Mike Baird: Oz’s most paternalistic politician?

New South Wales voters have had enough of being treated like children.

Patrick Hannaford

Topics World

Once the darling of Australian politics, New South Wales (NSW) Liberal Party premier Mike Baird may have finally fallen from grace. The latest Newspoll indicates that voters are sick of his contemptuous approach. As the Australian reports: ‘After ranking as the most popular political leader in the country in December, Mr Baird has seen his approval ratings collapse into negative territory and the coalition’s election-winning, two-party-preferred lead of 56 per cent to 44 shrink to a 51-49 per cent lead over Labor.’

Baird’s impromptu ban on greyhound racing — a move that could cost up to 10,000 jobs — is undoubtedly a catalyst for these results. The same Newspoll found only 41 per cent of NSW voters support the ban, while 51 per cent think the industry should have been given a second chance. Opposition to the ban is particularly strong outside of Sydney, with 61 per cent of voters in the rest of the state supporting a second chance.

But Baird’s attack on the greyhound industry is not an isolated incident. It is the same clumsy, paternalistic approach that has characterised his government.

The most obvious examples of this approach are the Sydney lockout laws. This set of policies targeted nightlife venues in the designated ‘Sydney CBD entertainment precinct’ (which conveniently exempted the Star City casino) in an attempt to combat the moral panic over ‘alcohol-fuelled violence’. The main restriction enacted by the laws is a 1.30am lockout for licensed premises and forced closure at 3am. The laws also ban takeaway-alcohol sales after 10pm and have frozen new liquor licenses.

Although enacted when he was treasurer, Baird has consistently defended these laws since taking office two months after they were introduced, and he quickly enacted a subsequent law banning shots after midnight and limiting the number of drinks individuals can buy at specific times.

These anti-nightlife laws have decimated the once-famous Kings Cross entertainment precinct, with an 82 per cent decline in foot traffic between 2012 and 2015. This has led to dozens of business closures, and, as a result, Sydney has become an international laughing stock. (The full extent of the damage done to Kings Cross is catalogued in Matt Barrie’s excellent essay from February this year).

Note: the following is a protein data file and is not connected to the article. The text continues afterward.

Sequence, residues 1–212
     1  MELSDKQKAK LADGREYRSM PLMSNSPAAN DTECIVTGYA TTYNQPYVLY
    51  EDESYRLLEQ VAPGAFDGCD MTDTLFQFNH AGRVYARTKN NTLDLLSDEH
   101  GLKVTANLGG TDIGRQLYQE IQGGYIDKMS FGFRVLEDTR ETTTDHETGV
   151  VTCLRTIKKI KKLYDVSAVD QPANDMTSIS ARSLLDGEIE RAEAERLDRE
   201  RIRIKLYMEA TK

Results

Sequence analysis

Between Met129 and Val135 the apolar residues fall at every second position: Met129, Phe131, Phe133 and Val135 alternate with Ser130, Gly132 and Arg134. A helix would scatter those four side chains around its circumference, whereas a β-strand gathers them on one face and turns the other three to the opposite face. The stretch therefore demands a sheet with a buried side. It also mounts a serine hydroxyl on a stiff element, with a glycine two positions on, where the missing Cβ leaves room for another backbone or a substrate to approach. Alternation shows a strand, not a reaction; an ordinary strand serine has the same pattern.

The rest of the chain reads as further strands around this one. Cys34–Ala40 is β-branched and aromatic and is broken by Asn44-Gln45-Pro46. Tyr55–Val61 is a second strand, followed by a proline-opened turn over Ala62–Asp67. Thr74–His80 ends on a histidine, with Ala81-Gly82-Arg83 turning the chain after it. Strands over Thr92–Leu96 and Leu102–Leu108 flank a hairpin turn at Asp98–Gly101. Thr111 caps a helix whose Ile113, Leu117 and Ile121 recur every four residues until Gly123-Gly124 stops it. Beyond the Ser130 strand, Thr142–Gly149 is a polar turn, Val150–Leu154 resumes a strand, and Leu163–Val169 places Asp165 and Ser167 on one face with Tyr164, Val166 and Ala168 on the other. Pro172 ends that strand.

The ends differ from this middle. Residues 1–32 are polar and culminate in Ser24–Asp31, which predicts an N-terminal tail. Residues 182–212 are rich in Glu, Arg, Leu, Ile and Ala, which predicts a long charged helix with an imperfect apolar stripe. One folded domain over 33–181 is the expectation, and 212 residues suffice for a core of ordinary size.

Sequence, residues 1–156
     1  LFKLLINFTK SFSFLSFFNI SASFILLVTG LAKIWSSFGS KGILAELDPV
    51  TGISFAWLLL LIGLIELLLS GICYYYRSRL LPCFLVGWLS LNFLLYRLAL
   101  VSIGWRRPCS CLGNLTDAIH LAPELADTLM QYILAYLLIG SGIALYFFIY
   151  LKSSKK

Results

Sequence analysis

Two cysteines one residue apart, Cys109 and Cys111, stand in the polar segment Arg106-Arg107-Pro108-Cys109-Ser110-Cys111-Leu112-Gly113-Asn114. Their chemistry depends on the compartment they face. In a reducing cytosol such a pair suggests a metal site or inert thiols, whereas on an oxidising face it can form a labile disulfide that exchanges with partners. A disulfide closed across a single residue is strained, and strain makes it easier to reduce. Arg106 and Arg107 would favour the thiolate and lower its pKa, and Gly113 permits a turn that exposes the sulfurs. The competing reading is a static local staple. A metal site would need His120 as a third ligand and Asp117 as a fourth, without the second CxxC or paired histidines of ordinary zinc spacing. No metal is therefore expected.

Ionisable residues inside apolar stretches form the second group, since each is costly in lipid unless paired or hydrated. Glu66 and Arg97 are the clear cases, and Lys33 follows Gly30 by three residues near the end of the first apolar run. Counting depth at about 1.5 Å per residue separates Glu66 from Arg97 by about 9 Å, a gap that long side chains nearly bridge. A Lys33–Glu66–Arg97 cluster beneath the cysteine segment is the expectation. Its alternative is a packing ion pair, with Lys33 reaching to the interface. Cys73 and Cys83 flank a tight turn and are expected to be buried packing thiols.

Like the ban on greyhound racing, this sledgehammer approach punishes law-abiding citizens and business owners instead of the people who violate the law.

Baird acknowledged the ban on greyhound racing would be unpopular, but justified it by claiming: ‘What we’re trying to do is to do what is right — to set up the state for the long-term and as part of that there are difficult decisions to be made… We’re not getting focus groups, we’re not trying to work out which way the political wind is going. It’s weighing up the evidence and saying what is the right thing for the state.’

Baird should at least be commended for this ideological, values-based approach to public policy. For too long, Australian governments, at both the state and federal level, have avoided any hint of ideology — sometimes explicitly so — in favour of a short-term, poll-driven approach. The problem is, Baird is treating the people of NSW with contempt. Baird’s paternalistic approach is best characterised as ‘Baird knows best’. It’s as if he thinks he’s a school teacher, maintaining order in the classroom through collective punishment and the confiscation of contraband items.

But NSW voters aren’t children, they’re adults who deserve to be given basic respect. They shouldn’t be treated like potential criminals who can’t be trusted with alcohol, or collectively punished for the actions of a minority of people.

When responding to the greyhound-racing backlash in August, Baird said that voters ‘will have their right, come election day in 2019, to pass judgement on decisions we’ve made’. If the latest Newspoll results are anything to go by, that judgement will be harsh.

Patrick Hannaford is an Australian writer. Follow him on Twitter: @PatHannaford

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Topics World


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